Insights Staffing is brought to you by ASG Renaissance

Published in Detroit

As the country’s population ages, a growing number of people will, unfortunately, suffer from diminished capacity, which can arise from conditions such as Alzheimer’s disease and dementia. “This is occurring more as businessmen and women work into their later years, and they become more susceptible to these conditions that affect their ability to make business decisions,” says Suzanne Fanning, an attorney with Garan Lucow Miller PC and co-chair of the Washtenaw County Bar Association Probate Section.

If someone with diminished capacity to make decisions enters into a transaction, that decision may be later subject to challenge in court.

“If it is established that the person did not have the requisite legal capacity to enter into the contract, the court may set the contract aside, to the detriment of the other party that entered into the contract,” she says.

Smart Business spoke with Fanning about how to take the legal precautions necessary to protect your business when concerns arise about another party’s possible diminished capacity.

What is diminished capacity, and who does it affect?

Diminished capacity is essentially an impairment of daily cognitive functioning, which can impact memory, reasoning, language and insights, all of which are skills critical to good business decision making. While the majority of businesspeople will not suffer from diminished capacity, as the population ages, there is a greater likelihood that it will become an issue.

Diminished capacity can also impact younger businesspeople who have been injured or who suffer from serious illness. This could be temporary, such as when medical treatments impair mental capacity, or permanent, such as when a person is in a serious accident.

What are the signs of diminished capacity?

There are no standard set of criteria, but there are red flags to consider if you are engaged in business transactions with someone who appears to have diminished capacity. These can include memory loss or forgetfulness, problems with the ability to communicate, loss of mental acuity, calculation problems, diminished comprehension, disorientation, inflexibility during negotiations, susceptibility to manipulation or even fraud by third parties.

Are there different standards of capacity for different business transactions?

Yes. Legal capacity has different legal definitions depending on the transaction and the applicable case law and statutes in the state in which you are operating. In Michigan, for example, the legal standard for the capacity to contract is whether the person in question possesses sufficient mental capacity to reasonably understand the nature and effect of the contract.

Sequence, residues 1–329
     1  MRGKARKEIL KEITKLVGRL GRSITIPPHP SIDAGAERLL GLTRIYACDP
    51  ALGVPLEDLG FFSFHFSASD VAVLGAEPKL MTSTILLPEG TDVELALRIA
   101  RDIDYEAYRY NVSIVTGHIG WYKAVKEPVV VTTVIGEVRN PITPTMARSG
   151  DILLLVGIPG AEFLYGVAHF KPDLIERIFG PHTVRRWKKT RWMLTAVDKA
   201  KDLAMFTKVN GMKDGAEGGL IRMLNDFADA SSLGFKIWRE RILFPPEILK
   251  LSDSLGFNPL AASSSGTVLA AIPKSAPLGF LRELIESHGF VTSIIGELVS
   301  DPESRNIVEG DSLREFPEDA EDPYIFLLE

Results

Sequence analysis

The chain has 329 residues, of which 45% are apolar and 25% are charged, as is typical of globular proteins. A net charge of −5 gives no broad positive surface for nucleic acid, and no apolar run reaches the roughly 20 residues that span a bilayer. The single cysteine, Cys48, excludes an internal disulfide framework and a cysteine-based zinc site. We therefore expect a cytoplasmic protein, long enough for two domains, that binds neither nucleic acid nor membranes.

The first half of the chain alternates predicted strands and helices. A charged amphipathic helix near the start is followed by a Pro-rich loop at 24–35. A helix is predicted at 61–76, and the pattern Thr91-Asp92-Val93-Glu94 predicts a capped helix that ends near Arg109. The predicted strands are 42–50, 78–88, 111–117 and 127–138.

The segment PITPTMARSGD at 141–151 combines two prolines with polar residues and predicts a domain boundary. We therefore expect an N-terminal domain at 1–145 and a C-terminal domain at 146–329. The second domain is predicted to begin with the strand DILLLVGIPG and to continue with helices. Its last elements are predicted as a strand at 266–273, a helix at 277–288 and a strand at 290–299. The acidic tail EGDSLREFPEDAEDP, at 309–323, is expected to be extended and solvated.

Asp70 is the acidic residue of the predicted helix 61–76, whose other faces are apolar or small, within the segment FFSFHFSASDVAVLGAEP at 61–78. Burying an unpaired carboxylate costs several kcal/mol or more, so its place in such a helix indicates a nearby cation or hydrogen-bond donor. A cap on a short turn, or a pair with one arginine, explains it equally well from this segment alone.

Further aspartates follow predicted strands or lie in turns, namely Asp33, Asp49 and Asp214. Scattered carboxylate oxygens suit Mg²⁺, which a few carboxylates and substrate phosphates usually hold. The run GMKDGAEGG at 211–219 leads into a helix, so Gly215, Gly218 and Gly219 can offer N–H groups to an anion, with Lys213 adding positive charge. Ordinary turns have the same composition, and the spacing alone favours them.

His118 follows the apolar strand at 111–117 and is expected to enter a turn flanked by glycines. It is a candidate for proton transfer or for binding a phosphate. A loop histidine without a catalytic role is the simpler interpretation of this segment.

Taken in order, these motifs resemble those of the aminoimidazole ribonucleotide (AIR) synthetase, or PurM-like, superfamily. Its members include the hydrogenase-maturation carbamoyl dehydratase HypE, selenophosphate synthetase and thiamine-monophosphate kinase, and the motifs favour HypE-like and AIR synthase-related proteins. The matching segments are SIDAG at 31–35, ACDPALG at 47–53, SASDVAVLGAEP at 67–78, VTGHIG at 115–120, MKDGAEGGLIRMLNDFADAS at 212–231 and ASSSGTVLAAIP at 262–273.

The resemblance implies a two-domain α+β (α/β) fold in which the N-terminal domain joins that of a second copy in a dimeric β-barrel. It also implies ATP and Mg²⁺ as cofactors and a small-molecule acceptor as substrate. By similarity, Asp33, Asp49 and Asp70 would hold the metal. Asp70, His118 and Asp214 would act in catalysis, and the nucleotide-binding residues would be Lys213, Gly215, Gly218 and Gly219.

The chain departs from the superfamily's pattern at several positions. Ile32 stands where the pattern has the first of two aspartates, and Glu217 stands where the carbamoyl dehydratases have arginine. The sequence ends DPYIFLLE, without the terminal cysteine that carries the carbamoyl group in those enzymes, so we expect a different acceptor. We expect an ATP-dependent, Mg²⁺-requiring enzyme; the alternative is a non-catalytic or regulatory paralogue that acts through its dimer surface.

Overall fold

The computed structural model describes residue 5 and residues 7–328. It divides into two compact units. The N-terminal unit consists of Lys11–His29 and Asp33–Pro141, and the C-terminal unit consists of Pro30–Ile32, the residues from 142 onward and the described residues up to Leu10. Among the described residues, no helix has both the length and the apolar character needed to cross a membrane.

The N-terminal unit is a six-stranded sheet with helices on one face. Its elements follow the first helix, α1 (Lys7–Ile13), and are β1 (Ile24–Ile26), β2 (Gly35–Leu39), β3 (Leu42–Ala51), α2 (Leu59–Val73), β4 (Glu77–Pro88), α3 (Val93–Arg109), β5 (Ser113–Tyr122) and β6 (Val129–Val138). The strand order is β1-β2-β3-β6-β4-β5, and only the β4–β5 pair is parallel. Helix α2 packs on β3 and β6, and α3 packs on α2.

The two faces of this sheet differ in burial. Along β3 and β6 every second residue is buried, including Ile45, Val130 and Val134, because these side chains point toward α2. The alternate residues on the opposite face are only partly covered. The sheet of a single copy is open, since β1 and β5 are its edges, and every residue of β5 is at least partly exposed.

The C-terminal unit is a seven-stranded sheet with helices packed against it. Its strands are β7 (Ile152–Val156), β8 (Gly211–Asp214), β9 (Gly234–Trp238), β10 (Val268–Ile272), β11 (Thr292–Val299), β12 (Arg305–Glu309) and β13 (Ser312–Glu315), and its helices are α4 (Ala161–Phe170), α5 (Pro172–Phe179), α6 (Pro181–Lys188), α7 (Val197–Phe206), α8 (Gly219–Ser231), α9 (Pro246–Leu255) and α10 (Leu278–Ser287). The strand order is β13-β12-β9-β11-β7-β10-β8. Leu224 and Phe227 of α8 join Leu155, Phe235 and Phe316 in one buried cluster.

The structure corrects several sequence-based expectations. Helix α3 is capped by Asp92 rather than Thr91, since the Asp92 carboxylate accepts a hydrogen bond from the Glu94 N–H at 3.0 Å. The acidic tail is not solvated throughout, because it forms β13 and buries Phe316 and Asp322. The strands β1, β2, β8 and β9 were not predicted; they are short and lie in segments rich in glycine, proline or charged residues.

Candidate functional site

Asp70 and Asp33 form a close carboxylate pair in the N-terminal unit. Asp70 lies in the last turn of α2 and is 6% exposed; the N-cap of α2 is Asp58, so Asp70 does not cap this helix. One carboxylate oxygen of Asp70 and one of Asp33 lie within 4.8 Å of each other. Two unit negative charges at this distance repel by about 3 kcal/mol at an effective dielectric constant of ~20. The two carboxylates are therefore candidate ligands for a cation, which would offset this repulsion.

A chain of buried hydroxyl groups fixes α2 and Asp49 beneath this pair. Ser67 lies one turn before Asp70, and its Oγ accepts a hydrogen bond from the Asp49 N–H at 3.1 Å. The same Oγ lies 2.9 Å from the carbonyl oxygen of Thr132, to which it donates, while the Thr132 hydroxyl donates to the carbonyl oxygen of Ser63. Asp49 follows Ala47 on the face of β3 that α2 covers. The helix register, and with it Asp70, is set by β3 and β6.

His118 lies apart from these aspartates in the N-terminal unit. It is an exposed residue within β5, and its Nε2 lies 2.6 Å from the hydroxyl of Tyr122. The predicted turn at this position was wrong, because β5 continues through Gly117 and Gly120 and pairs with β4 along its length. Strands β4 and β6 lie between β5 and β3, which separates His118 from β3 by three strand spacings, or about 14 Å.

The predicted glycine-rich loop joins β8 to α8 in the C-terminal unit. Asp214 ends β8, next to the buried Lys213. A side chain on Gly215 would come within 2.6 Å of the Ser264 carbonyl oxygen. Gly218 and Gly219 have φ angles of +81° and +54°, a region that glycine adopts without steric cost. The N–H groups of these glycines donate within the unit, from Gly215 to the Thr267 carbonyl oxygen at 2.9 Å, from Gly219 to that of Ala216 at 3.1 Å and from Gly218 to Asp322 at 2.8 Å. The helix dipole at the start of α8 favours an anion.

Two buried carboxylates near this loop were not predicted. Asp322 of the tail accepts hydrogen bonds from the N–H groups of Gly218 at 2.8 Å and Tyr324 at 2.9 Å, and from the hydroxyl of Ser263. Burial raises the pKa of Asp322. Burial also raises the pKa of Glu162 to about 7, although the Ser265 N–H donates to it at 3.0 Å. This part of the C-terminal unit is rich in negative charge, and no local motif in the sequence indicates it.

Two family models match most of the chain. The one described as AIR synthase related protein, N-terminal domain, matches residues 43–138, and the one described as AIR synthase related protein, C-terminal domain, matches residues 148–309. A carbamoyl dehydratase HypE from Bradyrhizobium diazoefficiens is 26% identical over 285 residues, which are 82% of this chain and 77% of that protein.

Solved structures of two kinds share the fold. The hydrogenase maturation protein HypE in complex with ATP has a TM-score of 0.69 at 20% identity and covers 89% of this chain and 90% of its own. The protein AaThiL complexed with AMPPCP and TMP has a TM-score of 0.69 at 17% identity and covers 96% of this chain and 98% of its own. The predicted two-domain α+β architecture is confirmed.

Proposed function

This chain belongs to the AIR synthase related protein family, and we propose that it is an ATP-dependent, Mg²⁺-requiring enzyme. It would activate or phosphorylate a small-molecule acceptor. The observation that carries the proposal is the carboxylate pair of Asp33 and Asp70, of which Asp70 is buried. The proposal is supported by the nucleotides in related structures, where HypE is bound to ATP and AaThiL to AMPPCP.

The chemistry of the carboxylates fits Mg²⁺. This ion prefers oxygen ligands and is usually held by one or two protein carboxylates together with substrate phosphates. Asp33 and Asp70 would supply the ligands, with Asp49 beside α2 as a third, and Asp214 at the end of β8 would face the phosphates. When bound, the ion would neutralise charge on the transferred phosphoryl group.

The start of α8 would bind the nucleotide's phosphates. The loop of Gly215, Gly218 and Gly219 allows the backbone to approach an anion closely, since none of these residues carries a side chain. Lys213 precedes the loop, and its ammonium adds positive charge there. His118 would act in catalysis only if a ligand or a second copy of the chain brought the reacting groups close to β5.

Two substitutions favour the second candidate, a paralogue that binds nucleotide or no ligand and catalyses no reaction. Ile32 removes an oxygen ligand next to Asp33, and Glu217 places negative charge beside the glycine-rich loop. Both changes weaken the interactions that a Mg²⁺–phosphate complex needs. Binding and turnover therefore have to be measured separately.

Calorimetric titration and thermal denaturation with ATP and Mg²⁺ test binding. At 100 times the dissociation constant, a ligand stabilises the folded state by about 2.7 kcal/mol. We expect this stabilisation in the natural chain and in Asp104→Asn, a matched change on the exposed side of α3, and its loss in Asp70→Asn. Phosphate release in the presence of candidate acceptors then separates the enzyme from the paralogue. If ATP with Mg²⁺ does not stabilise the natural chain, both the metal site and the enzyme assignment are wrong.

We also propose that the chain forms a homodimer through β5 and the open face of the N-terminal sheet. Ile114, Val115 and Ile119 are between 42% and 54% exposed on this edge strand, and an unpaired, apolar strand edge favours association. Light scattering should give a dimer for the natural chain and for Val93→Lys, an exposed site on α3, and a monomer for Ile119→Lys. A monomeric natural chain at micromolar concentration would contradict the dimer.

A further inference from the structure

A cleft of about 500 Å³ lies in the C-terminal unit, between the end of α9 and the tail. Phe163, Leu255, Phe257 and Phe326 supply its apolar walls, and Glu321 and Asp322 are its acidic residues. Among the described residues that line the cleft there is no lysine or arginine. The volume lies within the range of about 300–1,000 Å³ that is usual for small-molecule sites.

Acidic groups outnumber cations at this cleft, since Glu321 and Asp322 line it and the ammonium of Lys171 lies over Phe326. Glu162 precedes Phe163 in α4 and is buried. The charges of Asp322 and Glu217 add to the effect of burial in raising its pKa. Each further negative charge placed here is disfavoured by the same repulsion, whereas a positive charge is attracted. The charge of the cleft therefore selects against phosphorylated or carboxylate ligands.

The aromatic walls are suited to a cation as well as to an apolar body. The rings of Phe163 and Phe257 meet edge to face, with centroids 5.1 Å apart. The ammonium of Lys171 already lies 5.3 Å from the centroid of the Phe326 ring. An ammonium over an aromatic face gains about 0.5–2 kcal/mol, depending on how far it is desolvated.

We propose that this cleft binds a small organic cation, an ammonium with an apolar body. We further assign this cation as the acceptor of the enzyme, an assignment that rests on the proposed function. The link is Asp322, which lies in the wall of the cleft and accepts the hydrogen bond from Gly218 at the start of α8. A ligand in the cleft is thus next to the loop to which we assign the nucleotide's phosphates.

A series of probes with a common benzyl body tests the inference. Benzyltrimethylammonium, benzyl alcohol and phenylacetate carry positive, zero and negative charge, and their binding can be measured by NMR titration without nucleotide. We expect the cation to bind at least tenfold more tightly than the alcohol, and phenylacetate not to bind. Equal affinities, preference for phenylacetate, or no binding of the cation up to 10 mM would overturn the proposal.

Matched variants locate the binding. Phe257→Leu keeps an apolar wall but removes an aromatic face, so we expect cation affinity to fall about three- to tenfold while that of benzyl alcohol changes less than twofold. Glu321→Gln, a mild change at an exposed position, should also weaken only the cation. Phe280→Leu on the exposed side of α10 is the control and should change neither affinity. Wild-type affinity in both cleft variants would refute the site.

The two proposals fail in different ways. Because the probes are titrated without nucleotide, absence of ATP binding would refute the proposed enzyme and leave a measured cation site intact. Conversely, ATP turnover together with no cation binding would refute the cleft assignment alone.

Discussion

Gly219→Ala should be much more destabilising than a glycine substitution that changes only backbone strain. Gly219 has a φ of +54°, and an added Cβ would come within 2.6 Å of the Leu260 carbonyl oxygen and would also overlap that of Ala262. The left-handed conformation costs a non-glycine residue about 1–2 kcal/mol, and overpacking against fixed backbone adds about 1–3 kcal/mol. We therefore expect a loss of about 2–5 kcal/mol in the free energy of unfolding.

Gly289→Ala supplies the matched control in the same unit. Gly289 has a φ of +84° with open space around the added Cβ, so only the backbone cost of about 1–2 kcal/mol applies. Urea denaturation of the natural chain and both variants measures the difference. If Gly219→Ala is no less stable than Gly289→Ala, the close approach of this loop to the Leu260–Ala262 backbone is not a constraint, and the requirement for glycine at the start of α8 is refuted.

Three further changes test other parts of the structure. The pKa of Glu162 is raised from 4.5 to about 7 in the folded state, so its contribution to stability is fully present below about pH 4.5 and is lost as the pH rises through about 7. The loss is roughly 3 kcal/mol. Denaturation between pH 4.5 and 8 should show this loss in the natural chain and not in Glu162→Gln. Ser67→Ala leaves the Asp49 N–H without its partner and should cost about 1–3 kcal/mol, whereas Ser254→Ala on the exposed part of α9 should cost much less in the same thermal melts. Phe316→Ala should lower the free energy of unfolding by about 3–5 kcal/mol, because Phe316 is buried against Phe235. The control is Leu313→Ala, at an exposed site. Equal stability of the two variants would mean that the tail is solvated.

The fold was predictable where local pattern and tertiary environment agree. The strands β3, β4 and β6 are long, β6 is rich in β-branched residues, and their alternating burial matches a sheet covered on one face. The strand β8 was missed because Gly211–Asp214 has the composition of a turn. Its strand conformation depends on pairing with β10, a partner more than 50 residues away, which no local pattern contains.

The more complicated the contract, the higher the level of understanding that is necessary to have the legal capacity to make that contract.  In a real estate transaction, such as signing a deed, the standard is whether a person has sufficient mental capacity to understand the business in which he or she is engaged, to know and understand the extent of the value of the property and how to dispose of it.

It is important that businesspeople be aware that a transaction can be set aside by a court if the other party is later found to have lacked the requisite legal capacity at the time the transaction was undertaken. Therefore, it is important to take appropriate steps to protect yourself and your business when concerns arise that the other party may lack the legal capacity to enter into a transaction.

How can you protect your business in the event that your business partner is showing signs of diminished capacity?

One way to address this concern is to create a durable power of attorney, in which you and your partner name each other as the agent to transact business in the event the other suffers from a diminished capacity. You can also name a trusted employee or adviser to this position.

Having a durable power of attorney will also prevent a spouse or family member of the incapacitated person from gaining the authority to transact business matters on that person’s behalf. This is especially important when those family members have little or no experience in business.

What can be done if a client or third party to a transaction appears to have diminished capacity?

One option is to ask for a capacity evaluation by a doctor to ensure that the person has the capacity to enter into that particular transaction. Of course, this topic must be approached with great care. Another option is to make the transaction contingent on a court guardianship or conservatorship in which the court will grant authority to a third party to act on the person’s behalf.

For example, while a person with diminished capacity might not be capable of signing a deed necessary to a business deal, his or her court-appointed guardian or conservator could be granted authority to sign the deed on behalf of that person and proceed with the transaction.

Clearly, such a scenario can be extremely difficult. It may be a client with whom you have worked over many years. It can be difficult to extricate yourself from the relationship, but it may be necessary to protect yourself legally because these transactions can be set aside. It may be a matter of approaching the client’s partner or spouse, explaining that you are having concerns and bringing in a third party to make sure the transaction is protected.

 

Suzanne Fanning is an attorney with Garan Lucow Miller PC and concentrates her practice in probate and trust litigation and planning.  She is co-chair of the Washtenaw County Bar Association Probate Section. Reach her at (734) 930-5600 or sfanning@garanlucow.com.

Insights Legal Affairs is brought to you by Garan Lucow Miller PC